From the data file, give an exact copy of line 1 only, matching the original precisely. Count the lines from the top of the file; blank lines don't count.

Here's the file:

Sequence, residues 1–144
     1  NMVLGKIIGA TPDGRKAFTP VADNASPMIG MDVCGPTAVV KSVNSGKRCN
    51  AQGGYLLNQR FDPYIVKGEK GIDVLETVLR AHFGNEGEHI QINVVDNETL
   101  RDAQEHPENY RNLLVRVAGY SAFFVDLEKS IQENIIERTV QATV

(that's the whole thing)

Sequence, residues 1–144